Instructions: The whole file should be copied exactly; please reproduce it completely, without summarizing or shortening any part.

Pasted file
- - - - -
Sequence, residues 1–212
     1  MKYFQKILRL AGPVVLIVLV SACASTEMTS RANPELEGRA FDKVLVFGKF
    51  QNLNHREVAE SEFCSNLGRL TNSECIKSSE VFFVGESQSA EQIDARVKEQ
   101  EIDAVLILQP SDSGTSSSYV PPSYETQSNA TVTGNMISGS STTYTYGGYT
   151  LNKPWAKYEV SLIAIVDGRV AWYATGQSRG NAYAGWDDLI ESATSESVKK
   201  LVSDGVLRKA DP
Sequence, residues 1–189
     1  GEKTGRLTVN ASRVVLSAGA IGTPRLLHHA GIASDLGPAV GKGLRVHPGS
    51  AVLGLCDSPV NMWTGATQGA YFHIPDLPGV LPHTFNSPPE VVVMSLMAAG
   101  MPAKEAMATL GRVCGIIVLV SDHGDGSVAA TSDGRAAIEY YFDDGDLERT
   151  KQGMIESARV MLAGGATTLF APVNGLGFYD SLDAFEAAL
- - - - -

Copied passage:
Sequence, residues 1–212
     1  MKYFQKILRL AGPVVLIVLV SACASTEMTS RANPELEGRA FDKVLVFGKF
    51  QNLNHREVAE SEFCSNLGRL TNSECIKSSE VFFVGESQSA EQIDARVKEQ
   101  EIDAVLILQP SDSGTSSSYV PPSYETQSNA TVTGNMISGS STTYTYGGYT
   151  LNKPWAKYEV SLIAIVDGRV AWYATGQSRG NAYAGWDDLI ESATSESVKK
   201  LVSDGVLRKA DP
Sequence, residues 1–189
     1  GEKTGRLTVN ASRVVLSAGA IGTPRLLHHA GIASDLGPAV GKGLRVHPGS
    51  AVLGLCDSPV NMWTGATQGA YFHIPDLPGV LPHTFNSPPE VVVMSLMAAG
   101  MPAKEAMATL GRVCGIIVLV SDHGDGSVAA TSDGRAAIEY YFDDGDLERT
   151  KQGMIESARV MLAGGATTLF APVNGLGFYD SLDAFEAAL